time, can take and leave that quality which you de-
sire. This to know there are two ways ; the one to
try what long stay, and what short stay worketh, as
hath been said ; the other to try in order the succeed-
ing infusions of one and the same body, successively,
in several liquors. As for example ; take orange pills,
or rosemary, or cinnamon, or what you will ; and let
them infuse half an hour in water : then take them
out, and infuse them again in other water ; and so the
third time : and then taste and consider the first wa-
ter, the second, and the third ; and you will find them
differing, not only in strength and weakness, but other-
wise in taste or odour ; for it may be the first water
will have more of the scent, as more fragrant; and the
second more of the taste, as more bitter or biting, etc.

22. Infusions in air, for so we may well call
odours, have the same diversities wdth infusions in wa-
ter ; in that the several odours, which are in one flower,
or other body, issue at several times ; some earlier,
some later : so we find that violets, woodbines, straw-
berries, yield a pleasing scent, that cometh forth first ;
but soon after an ill scent quite differing from the
former. AVliich is caused, not so much by mellowing,
as by the late issuing of the grosser spirit.

23. As we may desire to extract the finest spirits
in some cases ; so we may desire also to discharge them,
as hurtfid, in some other. So wine burnt, by reason
of the evaporating of the finer spirit, inflameth less,
and is best in agues : opium looseth some of its poi-
sonous quality, if it be vapoured out, mingled with
spirit of wine, or the like : sena loseth somewhat of its
windiness by decocting; and, generally, subtile or
windy spirits are taken off by incension,or evaporation.
And even in infusions in things that are of too high a
spirit, you were better pour off the first infusion, after
a small time, and use the latter.



CENT. I.] NATURAL HISTORY. 247

Experiment solitary touching the appetite of coiitinuatioii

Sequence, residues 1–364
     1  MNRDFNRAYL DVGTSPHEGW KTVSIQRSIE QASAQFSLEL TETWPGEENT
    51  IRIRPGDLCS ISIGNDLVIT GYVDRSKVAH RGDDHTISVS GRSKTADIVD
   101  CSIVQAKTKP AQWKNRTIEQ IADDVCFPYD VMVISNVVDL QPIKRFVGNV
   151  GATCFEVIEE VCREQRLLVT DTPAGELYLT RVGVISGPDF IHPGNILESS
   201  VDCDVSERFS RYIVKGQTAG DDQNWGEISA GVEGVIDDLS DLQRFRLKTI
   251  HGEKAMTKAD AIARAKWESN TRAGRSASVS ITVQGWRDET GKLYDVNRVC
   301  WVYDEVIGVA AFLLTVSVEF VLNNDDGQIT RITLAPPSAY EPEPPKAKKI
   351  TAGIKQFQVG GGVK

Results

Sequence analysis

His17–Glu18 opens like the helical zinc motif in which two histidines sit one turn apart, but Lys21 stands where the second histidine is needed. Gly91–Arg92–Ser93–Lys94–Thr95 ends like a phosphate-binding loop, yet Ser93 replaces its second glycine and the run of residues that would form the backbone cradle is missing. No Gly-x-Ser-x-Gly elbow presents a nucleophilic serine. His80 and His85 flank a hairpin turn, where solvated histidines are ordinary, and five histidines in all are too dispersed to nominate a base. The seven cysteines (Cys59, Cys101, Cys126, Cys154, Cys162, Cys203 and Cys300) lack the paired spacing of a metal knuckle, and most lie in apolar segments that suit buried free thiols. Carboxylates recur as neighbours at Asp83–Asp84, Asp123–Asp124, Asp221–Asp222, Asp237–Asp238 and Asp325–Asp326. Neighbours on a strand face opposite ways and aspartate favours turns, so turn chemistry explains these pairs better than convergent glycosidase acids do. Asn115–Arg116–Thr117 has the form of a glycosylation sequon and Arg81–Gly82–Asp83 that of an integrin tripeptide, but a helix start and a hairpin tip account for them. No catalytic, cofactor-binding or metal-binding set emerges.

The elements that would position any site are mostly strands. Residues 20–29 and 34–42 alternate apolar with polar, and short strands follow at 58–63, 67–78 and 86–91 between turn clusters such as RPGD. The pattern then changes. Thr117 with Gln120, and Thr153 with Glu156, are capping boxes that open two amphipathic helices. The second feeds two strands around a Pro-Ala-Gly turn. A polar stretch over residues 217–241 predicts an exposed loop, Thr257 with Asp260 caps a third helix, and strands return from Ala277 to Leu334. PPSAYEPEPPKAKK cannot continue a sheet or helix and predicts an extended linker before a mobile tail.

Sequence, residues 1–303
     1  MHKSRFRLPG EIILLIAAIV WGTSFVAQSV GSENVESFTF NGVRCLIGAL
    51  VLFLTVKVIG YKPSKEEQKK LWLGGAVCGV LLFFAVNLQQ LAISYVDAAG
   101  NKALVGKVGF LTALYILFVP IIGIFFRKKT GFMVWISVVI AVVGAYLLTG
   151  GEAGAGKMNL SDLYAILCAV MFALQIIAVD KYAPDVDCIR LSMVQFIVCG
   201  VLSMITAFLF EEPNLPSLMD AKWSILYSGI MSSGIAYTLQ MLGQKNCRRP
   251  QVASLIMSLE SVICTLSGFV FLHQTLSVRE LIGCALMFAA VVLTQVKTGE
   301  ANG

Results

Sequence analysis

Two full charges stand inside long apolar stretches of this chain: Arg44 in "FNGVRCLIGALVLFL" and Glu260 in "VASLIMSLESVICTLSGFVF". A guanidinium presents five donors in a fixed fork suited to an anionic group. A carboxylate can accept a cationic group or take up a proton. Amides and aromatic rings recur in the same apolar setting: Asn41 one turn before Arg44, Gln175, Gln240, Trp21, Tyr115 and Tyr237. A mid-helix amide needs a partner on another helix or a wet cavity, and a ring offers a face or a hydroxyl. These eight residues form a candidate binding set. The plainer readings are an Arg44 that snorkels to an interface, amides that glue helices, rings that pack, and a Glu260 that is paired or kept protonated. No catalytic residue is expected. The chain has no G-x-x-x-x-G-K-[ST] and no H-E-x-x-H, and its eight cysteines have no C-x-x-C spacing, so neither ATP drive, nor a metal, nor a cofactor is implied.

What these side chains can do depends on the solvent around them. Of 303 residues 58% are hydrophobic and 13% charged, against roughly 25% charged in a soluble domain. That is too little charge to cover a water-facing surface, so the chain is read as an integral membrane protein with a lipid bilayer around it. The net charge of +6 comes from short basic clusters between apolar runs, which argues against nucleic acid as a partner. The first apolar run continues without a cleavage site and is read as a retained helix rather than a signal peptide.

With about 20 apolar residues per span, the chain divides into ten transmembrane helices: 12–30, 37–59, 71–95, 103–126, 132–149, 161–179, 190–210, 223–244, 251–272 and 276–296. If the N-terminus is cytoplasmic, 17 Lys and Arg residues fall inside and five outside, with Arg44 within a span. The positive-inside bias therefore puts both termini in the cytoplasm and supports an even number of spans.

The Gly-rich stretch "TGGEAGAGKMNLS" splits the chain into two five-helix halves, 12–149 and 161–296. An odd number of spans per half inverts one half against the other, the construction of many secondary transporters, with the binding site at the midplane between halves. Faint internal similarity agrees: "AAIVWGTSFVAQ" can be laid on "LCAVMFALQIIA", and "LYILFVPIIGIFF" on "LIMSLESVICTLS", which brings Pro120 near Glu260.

in licjuids.

24. Bubbles arc in the form of an hemisphere ; air
within, and a little skin of water without : and it
seemeth somewhat strange, that the air should rise so
swiftly while it is in the water ; and when it cometh
to the top, should be stayed by so weak a cover as that
of the bubble is. But as for the swift ascent of the
air, while it is under the water, that is a motion of
percussion from the water ; which itself descending
driveth up the air ; and no motion of levity in the air.
And this Democritus called mot us plag(E. In this
common experiment, the cause of the inclosure of the
bubble is, for that the appetite to resist separation,
or discontinuance, which in solid bodies is strong, is
also in liquors, though fainter and weaker ; as we see in
this of the bubble : we see it also in little glasses of
spittle that children make of rushes ; and in castles of
bubbles, which they make by blowing into water, hav-
ing obtained a little degree of tenacity by mixture of
soap : wc see it also in the stillicidcs of water, which,
if there be water enough to follow, will draw them-
selves into a small thread, because they will not dis-
continue ; but if there be no remedy, then they cast
themselves into round drops ; which is the figure that
savetli the body most from discontinuance : the same
reason is of the roundness of the bubble, as well for
the skin of water, as for the air within : for the air
likewise avoideth discontinuance; and therefore casteth
itself into a round figure. And for the stop and arrest
of the air a little while, it shcweth that the air of itself
hath little or no appetite of ascending.

Experiment solitary touching the making of artificial springs.

25. The rejection, which I continually use, of ex-
periments, though it appeavcth not, is infinite ; but
yet if an experiment be probable in the work, and of
great use, 1 receive it, but deliver it as doubtfid. It
was reported by a sober man, that an artificial spring
may be made thus : Find out a hanging ground, where
there is a good quick fall of rain-water. Lay a half-

R 2



248 NATURAL HISTORY. [CENT. I.

trough of stone, of a good length, three or four foot
deep within the same ground ; with one end upon the
high ground, the other upon the low. Cover the trough
with brakes a good thickness, and cast sand upon the
top of the brakes : you shall see, saith he, that after
some showers are past, the lower end of the trough
will run like a spring of water : which is no marvel,
if it hold while the rain-water lasteth ; but he said it
would continue long time after the rain is past : as if
the water did multiply itself upon the air, by the help
of the coldness and condensation of the earth, and the
consort of the first water.

Experiment solitary touching the venomous quality of
man's Jlesh.

26. The French, which put off the name of the
French disease unto the name of the disease of Naples,